A supervisor’s e-mails to an employee were not harassing, an arbitrator has held, noting the employee’s friendly tone – “great game Thurs night” – and use of the “smiley face” in his replies to the supervisor’s e-mails.
The employee, who was unionized, filed a grievance alleging that the employer, by permitting the supervisor’s allegedly-harassing e-mails, violated an article of the collective agreement that required the employer to “make reasonable provisions for the safety and health” of employees.
The e-mail exchange was about problems with the employee’s time cards. The employee claimed that the supervisor’s questions about his time cards were akin to “calling me a thief and a liar”.
The arbitrator cited the following definition of harassment, from another arbitration case:
“Harassment includes words, gestures and actions which tend to annoy, torment, pester, persecute, bother and embarrass another person, as well as subjecting someone to vexatious attacks, questions, demands or other unpleasantness. A single act, which has a harmful effect, may also constitute harassment.”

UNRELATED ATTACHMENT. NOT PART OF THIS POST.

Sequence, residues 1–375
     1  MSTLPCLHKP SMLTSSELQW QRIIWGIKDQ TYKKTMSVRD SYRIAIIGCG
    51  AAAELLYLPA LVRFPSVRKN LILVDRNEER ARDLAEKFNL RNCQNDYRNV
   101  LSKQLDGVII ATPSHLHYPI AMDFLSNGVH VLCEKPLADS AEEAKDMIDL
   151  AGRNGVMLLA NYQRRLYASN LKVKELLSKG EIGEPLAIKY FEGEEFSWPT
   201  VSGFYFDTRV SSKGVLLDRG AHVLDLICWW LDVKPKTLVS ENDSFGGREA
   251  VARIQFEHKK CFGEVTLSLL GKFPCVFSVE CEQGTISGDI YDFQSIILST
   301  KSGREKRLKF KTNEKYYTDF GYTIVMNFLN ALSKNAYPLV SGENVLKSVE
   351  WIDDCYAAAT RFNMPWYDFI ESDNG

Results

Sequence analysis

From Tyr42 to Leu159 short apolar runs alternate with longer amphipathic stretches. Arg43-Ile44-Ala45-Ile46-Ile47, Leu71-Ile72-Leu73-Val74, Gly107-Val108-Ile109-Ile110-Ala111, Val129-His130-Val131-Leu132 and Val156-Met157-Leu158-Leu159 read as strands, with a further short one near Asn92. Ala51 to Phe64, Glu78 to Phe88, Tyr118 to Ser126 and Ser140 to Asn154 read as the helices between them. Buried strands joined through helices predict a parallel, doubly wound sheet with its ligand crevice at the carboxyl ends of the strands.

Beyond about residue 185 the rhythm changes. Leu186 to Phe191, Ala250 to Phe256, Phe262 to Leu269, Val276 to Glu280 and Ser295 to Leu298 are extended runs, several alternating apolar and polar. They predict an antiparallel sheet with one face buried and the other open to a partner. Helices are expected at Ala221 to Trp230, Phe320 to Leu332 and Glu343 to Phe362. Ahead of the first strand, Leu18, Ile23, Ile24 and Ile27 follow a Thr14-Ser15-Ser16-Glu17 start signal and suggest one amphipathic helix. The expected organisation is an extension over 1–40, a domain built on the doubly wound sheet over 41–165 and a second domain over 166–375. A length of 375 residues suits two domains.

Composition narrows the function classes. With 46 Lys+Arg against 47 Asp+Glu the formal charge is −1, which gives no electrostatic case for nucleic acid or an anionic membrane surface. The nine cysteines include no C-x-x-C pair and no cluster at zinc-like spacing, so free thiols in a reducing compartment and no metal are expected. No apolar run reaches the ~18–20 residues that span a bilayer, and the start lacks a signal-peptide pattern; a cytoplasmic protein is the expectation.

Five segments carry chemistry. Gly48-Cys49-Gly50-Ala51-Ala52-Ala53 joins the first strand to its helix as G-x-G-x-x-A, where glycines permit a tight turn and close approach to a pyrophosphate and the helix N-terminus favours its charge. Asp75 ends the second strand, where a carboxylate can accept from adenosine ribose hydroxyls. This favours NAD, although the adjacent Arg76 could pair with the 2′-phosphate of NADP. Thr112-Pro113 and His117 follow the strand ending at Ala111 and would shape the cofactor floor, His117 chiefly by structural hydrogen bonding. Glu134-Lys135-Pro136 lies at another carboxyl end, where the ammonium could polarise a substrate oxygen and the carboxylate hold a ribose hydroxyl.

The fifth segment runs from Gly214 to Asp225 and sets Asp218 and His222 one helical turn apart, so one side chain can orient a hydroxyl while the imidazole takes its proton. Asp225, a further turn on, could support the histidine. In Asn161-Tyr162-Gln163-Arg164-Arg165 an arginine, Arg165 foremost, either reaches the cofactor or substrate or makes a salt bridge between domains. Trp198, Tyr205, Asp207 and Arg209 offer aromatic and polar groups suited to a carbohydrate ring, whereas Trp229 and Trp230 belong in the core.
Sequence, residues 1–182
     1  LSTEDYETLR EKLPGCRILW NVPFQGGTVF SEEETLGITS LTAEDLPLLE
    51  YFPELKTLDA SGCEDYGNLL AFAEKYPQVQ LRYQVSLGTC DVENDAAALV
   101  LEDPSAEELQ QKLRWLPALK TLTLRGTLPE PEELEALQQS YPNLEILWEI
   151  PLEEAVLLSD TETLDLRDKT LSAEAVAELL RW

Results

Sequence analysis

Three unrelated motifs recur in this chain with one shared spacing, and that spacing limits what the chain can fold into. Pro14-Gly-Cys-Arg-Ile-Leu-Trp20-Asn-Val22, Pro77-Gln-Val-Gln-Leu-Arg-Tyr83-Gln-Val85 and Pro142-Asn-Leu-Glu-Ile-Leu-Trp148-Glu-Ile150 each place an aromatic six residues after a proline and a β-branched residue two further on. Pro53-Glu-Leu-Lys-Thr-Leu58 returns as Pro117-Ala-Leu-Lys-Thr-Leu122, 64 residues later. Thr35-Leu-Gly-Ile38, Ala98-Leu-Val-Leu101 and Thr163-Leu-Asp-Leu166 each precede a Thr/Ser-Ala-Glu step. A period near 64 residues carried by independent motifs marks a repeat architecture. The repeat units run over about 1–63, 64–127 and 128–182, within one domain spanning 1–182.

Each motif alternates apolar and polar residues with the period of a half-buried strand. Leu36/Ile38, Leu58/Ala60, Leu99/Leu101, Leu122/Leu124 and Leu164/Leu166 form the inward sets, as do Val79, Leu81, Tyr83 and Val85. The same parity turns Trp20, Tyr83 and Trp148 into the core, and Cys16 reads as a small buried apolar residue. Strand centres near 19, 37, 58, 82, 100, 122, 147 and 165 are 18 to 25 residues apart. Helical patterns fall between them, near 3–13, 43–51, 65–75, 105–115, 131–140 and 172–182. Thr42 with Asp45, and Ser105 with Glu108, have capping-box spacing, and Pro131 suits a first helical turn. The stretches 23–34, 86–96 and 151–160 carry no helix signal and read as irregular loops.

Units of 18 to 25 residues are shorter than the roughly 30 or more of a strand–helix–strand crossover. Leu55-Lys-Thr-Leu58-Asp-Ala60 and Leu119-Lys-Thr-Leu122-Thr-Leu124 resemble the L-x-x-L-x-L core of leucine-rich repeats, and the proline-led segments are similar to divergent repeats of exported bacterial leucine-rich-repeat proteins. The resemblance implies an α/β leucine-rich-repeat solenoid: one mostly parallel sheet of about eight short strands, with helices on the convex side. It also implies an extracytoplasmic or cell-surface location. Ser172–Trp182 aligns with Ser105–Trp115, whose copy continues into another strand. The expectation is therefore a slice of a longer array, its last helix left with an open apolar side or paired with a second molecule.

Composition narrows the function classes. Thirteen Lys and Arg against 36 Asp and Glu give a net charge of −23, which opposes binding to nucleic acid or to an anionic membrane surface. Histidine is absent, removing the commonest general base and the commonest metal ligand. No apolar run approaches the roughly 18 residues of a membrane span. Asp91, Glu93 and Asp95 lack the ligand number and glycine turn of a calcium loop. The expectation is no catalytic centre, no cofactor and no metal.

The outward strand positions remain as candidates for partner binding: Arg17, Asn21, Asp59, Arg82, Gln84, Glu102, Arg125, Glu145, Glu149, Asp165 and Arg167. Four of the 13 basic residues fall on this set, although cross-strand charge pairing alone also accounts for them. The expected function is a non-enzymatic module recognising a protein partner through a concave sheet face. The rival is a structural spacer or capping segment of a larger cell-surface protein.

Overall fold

The arbitrator decided that the supervisor was simply fulfilling his legitimate responsibilities in his supervisory position, attempting to resolve discrepancies in the employee’s recorded hours of work.
The employee’s friendly tone in his reply to the supervisor’s e-mails, was also noted by the arbitrator. In one e-mail, the employee wrote, “p.s. great game Thurs night”, and he used his nickname “Chiser” and a “smiley face”. In another e-mail, the employee addressed the supervisor, “Hey Eddie, . . . we can chat next week” and also added a “smiley face”. The tone of the e-mail exchange did not show any animosity towards the employee.
This decision demonstrates the wisdom of supervisors using a temperate tone, wherever possible, in their e-mails to employees. It also shows that a supervisor’s legitimate exercise of his or her duties will not, in general, be considered harassment.